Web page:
By D. J. (Skip) Lamoureaux, President



Loss prevention in the retail industry is concerned with the

disappearance of merchandise and currency. Most retail

establishments take a physical inventory annually, while some

do it semiannually. When the count is completed, the difference

between the actual inventory on hand and what it should be

according to purchase and sales records is called shrinkage.

The causes of shrinkage are recognized as employee theft,

shoplifting, and paperwork error. Other reasons for business

losses, such as robbery, burglary, and vandalism, are separate

problems. Shoplifting and internal theft are actually untold

numbers of separate incidents of larceny adding up to billions

of dollars of losses which are not listed in crime reports, except

for the relatively few cases where arrests are made.

Even though shoplifting is more often publicized than employee

theft, security experts are of the opinion that the in-house

thief is responsible for at least 50% of the shrinkage.


The retail industry attracts many unskilled people who work for

minimum wages. Whatever the motivation, a fair percentage of

workers succumb to temptation and steal. Many of these employees

can be persuaded or prevented from stealing. Positive programs

of employee relations built around fair compensation, proper

surroundings, and employer-sponsored activities can improve morale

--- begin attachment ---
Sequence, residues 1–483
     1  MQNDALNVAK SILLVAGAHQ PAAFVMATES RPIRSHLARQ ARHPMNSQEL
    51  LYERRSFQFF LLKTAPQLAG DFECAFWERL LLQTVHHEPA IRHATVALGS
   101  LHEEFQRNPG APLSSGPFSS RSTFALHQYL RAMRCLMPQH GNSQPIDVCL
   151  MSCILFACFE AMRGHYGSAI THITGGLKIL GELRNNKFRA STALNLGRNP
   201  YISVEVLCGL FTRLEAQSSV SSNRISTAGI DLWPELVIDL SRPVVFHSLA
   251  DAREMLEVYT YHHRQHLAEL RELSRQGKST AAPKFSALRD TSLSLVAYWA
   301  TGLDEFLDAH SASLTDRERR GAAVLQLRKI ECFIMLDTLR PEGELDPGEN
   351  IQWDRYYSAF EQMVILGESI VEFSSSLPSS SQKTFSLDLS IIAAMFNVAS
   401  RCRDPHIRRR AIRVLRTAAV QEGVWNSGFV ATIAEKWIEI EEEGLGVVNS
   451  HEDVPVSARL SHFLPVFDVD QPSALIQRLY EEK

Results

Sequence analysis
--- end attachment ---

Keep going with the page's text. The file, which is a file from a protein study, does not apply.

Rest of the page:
and concern for the success of a company. The only way to reach

some employees is through a highly visible security program and

a rigid company policy of prosecuting any employee caught stealing

Prevention of theft requires simple but sophisticated systems for

handling merchandise and currency, which not only deter but

which leave a trail of documents when any stealing takes place.

One important step that industry can take to prevent or reduce

internal theft is to avoid hiring the potential thief or problem

employee to the outset.


When applying for a new job most people are requested to provide

some details about their education and work experience. It is at

this state, before an individual is hired, that industry must

make the effort to determine whether or not the applicant may

pose future problems, including dishonesty. Pre-Employment

Investigations are very important and highly recommed.


The Civil Rights Act of 1964 and other laws aimed at guaranteeing

equal employment opportunities for everyone have directly affected

the amount of information that an employer may request from a job

applicant. Questions about age, health, marital status, arrests,

religion, and race cannot be asked. While it is permissible to

ask about criminal convictions, it may be discriminatory if the

criminal activity in question is totally unrelated to the job

environment and if the conviction itself is an absolute bar to